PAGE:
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2011 U.S. Beverage Results

March 27, 2012 | About:
The Science of Hitting

The Science of Hitting

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As an individual investor, sometimes it is difficult to get market share data or industry statistics, particularly when management doesn't make it a habit to frequently disclose such figures. As many readers will know from experience, it is difficult to effectively analyze industry competitiveness and barriers to entry with simple rankings of first, second, third, etc.

Thankfully, Beverage Digest uploads annual data on the U.S. carbonated soft drink (CSD) market, which is useful for investors in analyzing year-over-year share gains/losses. This year, Beverage Digest has updated their data to reflect a shifting industry; as opposed to just listing CSD market share, the company lists liquid refreshment beverage (LRB) share as well to account for the increasing important of non-carbs such as bottled waters, sport drinks, ready to drink (RTD) teas and coffees, and juice drinks.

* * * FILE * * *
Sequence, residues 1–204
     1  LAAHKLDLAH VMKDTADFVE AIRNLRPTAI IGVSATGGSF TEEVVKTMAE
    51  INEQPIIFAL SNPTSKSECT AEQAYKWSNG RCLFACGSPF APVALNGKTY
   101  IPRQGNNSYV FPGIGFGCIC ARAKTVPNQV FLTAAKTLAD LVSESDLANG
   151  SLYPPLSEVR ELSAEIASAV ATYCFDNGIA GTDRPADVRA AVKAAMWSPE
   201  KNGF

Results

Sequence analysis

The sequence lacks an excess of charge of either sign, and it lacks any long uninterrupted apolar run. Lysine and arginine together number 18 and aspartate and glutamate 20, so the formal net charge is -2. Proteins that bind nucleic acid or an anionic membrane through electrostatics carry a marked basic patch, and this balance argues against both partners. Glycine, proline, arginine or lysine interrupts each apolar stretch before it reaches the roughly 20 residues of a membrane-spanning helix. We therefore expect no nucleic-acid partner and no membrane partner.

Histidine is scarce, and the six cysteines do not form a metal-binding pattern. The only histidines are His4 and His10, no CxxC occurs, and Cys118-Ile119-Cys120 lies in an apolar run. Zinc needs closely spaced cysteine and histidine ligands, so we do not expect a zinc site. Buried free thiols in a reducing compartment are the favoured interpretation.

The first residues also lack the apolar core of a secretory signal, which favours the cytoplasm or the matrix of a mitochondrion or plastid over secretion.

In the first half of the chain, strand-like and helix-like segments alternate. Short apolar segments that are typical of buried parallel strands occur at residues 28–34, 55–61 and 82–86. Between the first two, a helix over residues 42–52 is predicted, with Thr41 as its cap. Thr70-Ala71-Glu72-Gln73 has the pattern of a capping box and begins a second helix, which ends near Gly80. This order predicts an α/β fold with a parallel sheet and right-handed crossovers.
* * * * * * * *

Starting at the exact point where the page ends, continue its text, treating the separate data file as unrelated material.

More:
Within the CSD category, Coca-Cola saw their share of the market decline by 0.1% to 41.9%, while PepsiCo's share fell 0.8% to 28.5%. Of the big three, Dr. Pepper Snapple performed the best in relation to last year, holding share steady at 16.7%. By brand, Coke and Diet Coke maintained their top positions, with Pepsi, Mountain Dew, and Dr. Pepper rounding out the top five slots.

In overall LRB's, Coca-Cola's share declined 0.2% to 34%, but was still good enough for a decent lead over PepsiCo, which holds 26.9% of the category after a 0.6% loss of share in 2011. By brand, Coke maintained a demanding lead at 18.8% of the category, compared to just 10% for #2 PepsiCo. The first non-CSD in the rankings is Gatorade, at #5 with 4.2% of the LRB category.

For interested investors, the full results can be found here.

About the author:

The Science of Hitting
I'm a value investor, with a focus on patience; I look to buy great companies that are suffering from short term issues, and hope to load up when these opportunities present themselves. As this would suggest, I run a fairly concentrated portfolio by most standards, usually with 8-10 names; from the perspective of a businessman rather than a market participant / stock trader, I believe this is more than sufficient diversification.

I hope to own a collection of great businesses; to ever sell one, I would demand a substantial premium to the average market valuation due to what I believe are the understated benefits to the long term investor of superior fundamentals and time on intrinsic value. I don't have a target when I purchase a stock; my goal is to replicate the underlying returns of the business in question - which if I've done my job properly, should be very attractive over many years.

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